Creating a workplace culture of zero-tolerance to harassment and where all employees are encouraged to report inappropriate behaviour.

Having an effective anti-harassment policy that clearly sets out what conduct is unacceptable, the employer’s zero-tolerance approach to such conduct, how employees can report inappropriate conduct, the process that will be followed and the support available for victims of harassment and those who report it.

Having effective reporting mechanisms in place and ensuring all employees are aware of them

Ensuring managers deal with complaints of harassment quickly, effectively and in a sensitive way, that the perpetrators of harassment are sanctioned, and those who report harassment are protected from victimisation

Providing anti-harassment training for all employees, given from induction onwards, and specific training for managers in how to deal with complaints of harassment.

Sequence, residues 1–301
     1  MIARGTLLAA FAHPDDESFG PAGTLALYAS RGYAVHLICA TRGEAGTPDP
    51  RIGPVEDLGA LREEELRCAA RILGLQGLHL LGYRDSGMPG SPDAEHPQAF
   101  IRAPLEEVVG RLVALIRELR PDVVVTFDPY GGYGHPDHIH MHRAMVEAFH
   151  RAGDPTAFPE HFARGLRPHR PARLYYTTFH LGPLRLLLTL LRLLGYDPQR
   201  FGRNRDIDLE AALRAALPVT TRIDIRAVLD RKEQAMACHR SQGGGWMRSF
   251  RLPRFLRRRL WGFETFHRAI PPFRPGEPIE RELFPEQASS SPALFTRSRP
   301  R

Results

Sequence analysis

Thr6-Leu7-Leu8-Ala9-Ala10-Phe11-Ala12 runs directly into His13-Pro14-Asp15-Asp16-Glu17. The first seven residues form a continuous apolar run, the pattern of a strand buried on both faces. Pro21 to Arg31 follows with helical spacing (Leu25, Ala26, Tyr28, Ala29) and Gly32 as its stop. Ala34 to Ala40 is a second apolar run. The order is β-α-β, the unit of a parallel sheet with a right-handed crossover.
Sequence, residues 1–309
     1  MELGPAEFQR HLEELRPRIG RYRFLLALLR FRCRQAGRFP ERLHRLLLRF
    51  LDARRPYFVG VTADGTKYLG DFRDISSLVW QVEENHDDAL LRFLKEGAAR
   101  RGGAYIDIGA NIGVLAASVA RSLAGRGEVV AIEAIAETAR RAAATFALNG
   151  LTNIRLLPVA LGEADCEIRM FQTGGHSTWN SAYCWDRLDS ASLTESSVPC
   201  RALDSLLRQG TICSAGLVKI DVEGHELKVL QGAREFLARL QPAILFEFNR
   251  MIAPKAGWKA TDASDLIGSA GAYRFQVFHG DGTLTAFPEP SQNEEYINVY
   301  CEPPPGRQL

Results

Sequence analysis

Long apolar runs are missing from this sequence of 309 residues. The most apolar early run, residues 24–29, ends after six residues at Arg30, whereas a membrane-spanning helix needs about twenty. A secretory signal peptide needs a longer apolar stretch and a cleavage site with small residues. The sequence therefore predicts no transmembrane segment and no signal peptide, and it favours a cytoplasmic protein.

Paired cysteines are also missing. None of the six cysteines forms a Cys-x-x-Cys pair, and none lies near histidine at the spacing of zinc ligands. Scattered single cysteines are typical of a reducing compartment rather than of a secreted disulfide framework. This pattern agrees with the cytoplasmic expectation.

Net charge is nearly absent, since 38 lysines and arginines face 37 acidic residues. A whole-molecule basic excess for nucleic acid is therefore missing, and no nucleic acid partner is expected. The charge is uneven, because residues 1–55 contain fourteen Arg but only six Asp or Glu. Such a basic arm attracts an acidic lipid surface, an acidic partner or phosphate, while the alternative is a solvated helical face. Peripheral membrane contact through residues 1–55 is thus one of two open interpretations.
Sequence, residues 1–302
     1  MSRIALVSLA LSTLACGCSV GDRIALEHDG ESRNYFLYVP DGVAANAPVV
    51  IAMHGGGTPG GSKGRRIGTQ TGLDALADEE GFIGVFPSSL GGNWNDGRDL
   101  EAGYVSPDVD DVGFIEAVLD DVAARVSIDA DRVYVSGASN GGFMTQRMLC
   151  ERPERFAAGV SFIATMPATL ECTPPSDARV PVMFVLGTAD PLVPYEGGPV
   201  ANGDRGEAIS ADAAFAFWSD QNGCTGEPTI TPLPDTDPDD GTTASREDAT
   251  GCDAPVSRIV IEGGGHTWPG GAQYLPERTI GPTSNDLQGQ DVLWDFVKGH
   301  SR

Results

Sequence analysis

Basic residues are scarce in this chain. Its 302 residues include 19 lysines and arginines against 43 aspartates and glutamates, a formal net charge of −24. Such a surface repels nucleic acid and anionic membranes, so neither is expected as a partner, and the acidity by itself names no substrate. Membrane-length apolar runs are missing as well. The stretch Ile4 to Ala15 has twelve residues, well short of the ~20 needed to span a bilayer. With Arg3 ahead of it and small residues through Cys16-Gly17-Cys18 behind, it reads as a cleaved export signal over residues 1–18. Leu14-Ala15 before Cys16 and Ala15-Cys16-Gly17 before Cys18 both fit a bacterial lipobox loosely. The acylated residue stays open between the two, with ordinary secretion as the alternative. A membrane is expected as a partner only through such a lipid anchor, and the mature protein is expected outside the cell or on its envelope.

Having nominated employees to monitor harassment issues and offer support to victims of harassment

Ensuring third parties such as suppliers and customers are aware of the employer’s zero-tolerance policy to harassment and that employees are aware that it will take reports of harassment by third parties seriously

Making it clear to employees that harassment of all those they come into contact with at work will not be tolerated

Ensuring its policies provide adequate protection and the right to report sexual harassment to all workers

Requiring settlement agreements in sexual harassment claims to be signed off or reviewed at board level to ensure the effective monitoring of the number of claims

Are you dealing with a sexual harassment complaint or need training or anti-harassment policies in place?

Call or email us for a no obligation and confidential consultation
0203 669 22 16
enquiries@herefordssolicitors.co.uk

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Call or email us to arrange a free consultation.

0203 669 2216

enquiries@herefordssolicitors.co.uk